As the day of my international party sped closer and closer, several of the invitees that had planned to come wound up with situations that kept them from attending. While I whole-heartedly agree that their first priority is to their families, my heart broke a little each time someone gave me the bad news. My husband Kerry offered great advice though: focus on those who can come, and create a memorable, worthwhile occasion for them. I set out to do that.
I attempted to write the word “Welcome” at least somewhat accurately on my door sign in nine of the languages I expected to be represented. I rearranged some of the furniture and wall art. (Kerry didn’t actually mean that I should do that.) I picked up a few foreign-looking trinkets at a flea market. I splurged on exotic fresh flowers. I can barely imagine any party I would throw without fresh flowers that complement the theme.
Soon it was August 18th, 2012. Time to hang up the welcome sign and let people in!
It was so exciting each time someone came to the door! Who would it be? Where would she be from?
You’ll get to see who came in a moment, but first…. Would you like to know which nations were represented that evening? We spanned the globe with a grand total of 10 countries plus one U.S. territory, from 5 continents and 3 islands. Here’s the list: Brazil, China, Iraq, Japan, Kyrgyzstan, Philippines, Puerto Rico, South Korea, Ukraine, USA, and Zambia.
I wanted my guests to feel not only welcome, but energized and inspired too. I was determined to engage all their senses. As they entered my home, they were greeted with the aroma of an exotic candle from Anthropologie and the sound of Middle Eastern, Celtic, or French music guiding them further in.
The visual feast was prepared mostly by those who came with items from their native lands or travels.
Here is Yuko from Japan, showing a book she brought.
Liyun from China and Essie from Zambia chat by a table filled mostly with items owned and arranged by Michele. Why didn’t I think to get a picture with Michele in front of it also? I don’t know. But you’ll get to see her in the next post.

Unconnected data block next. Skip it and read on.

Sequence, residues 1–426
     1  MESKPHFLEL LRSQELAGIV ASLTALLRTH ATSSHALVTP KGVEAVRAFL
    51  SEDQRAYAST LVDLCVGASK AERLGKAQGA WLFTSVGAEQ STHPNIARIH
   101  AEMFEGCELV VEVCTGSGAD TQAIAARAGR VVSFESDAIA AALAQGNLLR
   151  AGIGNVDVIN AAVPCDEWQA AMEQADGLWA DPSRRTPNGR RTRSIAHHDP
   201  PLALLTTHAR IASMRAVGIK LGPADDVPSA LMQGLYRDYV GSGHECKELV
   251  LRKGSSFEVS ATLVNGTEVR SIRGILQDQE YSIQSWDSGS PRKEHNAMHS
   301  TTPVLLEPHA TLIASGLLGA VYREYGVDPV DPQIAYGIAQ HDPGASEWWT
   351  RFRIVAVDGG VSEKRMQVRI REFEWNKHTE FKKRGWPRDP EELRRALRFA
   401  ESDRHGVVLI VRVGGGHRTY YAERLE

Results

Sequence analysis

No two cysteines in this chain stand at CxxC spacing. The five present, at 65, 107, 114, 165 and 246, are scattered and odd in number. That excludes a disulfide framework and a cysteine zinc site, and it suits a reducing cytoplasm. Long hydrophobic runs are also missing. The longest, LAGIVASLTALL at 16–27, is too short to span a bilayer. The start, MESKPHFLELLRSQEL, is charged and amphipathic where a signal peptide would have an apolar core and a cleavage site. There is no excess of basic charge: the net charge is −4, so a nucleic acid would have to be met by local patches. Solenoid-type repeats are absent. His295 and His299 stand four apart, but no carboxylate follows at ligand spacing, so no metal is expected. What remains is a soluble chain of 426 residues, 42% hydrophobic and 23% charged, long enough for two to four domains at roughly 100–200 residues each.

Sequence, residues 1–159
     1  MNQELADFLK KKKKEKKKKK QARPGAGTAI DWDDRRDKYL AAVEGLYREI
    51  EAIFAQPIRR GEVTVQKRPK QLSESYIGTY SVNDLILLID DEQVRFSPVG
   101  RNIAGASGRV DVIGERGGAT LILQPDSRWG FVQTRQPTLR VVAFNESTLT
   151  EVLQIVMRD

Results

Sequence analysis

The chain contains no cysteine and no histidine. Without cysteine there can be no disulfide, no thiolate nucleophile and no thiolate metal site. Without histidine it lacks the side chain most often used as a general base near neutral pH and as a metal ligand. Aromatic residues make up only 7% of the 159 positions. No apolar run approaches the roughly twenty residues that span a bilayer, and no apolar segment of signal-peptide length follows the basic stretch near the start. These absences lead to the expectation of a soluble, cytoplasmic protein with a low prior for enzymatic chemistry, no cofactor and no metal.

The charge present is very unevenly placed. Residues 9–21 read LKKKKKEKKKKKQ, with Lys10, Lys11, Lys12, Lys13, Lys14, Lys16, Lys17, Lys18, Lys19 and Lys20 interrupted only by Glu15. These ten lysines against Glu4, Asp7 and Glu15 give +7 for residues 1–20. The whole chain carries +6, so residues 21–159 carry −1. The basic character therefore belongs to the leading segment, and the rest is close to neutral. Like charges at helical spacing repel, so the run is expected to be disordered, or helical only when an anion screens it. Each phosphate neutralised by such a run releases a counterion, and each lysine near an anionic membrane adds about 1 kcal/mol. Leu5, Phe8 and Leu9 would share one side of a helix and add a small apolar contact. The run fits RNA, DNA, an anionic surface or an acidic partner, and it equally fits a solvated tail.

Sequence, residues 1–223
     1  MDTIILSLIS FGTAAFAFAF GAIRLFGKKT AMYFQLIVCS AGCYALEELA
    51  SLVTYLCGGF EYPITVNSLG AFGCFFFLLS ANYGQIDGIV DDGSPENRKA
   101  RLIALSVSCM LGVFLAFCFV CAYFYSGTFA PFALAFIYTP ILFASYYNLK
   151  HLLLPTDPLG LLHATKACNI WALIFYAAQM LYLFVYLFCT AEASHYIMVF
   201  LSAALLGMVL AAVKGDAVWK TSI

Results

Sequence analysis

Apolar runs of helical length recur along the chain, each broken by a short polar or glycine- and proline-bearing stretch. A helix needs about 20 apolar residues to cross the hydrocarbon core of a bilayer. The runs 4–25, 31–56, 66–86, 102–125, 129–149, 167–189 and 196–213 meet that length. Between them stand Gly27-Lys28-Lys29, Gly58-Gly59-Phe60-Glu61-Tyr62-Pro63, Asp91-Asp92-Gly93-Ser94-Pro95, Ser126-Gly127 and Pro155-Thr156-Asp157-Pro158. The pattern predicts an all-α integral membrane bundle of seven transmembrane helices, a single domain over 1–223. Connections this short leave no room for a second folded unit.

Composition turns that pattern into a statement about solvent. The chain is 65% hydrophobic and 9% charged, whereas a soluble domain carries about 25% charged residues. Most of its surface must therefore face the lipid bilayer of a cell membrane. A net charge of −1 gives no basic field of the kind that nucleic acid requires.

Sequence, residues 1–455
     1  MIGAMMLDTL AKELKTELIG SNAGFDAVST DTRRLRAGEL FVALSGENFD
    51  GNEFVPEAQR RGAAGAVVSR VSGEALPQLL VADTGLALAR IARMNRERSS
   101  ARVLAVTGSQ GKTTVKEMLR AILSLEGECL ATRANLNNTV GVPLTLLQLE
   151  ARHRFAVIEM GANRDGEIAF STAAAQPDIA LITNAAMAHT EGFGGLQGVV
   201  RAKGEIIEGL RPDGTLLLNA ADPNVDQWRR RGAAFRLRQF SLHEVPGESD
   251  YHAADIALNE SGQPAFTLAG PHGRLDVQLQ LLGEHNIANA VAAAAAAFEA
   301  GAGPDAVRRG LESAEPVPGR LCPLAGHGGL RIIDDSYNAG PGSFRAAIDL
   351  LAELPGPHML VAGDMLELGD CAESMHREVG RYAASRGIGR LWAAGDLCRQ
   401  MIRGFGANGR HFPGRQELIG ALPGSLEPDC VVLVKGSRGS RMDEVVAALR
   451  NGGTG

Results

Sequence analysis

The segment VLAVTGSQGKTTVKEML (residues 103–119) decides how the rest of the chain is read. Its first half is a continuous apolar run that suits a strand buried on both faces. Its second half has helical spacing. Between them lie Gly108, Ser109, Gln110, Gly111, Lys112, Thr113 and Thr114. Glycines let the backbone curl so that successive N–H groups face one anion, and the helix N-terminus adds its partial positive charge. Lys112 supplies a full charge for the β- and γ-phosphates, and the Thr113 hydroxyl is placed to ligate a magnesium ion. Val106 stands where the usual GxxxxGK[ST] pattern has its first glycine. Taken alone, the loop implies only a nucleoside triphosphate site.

One of the three Chinese women who were invited couldn’t be at the event, but she graciously offered to lend me a bag of several gorgeous delicate items that we all appreciated. Thank you, Jane!
Citadel from the Philippines enjoys the mini museum that my house became.
My mind-blowingly talented friend Svetlana “Lana” Alden from Ukraine brought a table full of items that she displayed. Several were things she had made herself, including tiny boxes with intricate hand-drawn, hand-painted scenes.Yes, she really painted these! I met Lana in an art class a couple years ago. I was there to actually learn as much as I could. She was there to simply enjoy a little time to paint. Our instructor wanted to purchase some of the work she did in class.
I asked Lana to paint a mural with iconic buildings from around the world for the party.
This picture shows the mural’s size, plus several lovely guests! From the left, we have Essie, Nancy from Puerto Rico, Lana, Ji Hyun from South Korea, and Judy and Liyun, both from China.
Since everyone would be meeting at least a few new people that evening, I made name tag necklaces by looping a jump ring through Tim Holtz’s “ornate plates” from his Idea-ology line of products. Next, I threaded ribbon through the jump ring. I kept the ribbon long so each woman could tie the necklace at the length she chose. Every woman likes to have choices about the jewelry she wears! By the way, I used half of each pack of ornate plates for the invitations, seen in the last post.
I snapped a photo of Liyun, Debra from Brazil, and Nancy before Debra had a chance to go looking for her name tag.
I was thrilled with the many charming objects we got to see and even hold. I must say, though, I was struck mostly by the beauty of the women themselves. Nothing could have added to the decor the way each one of them did. And I was delighted to see everyone mingling together, forming and strengthening friendships. That was the kind of beauty I had hoped would fill my home. Thank you to all who came and shared a bit of yourself and your culture with people who were strangers just a moment before!
Next we’ll see these women plus a few more as we go off to the kitchen and… the dance hall?!
Have a lovely day!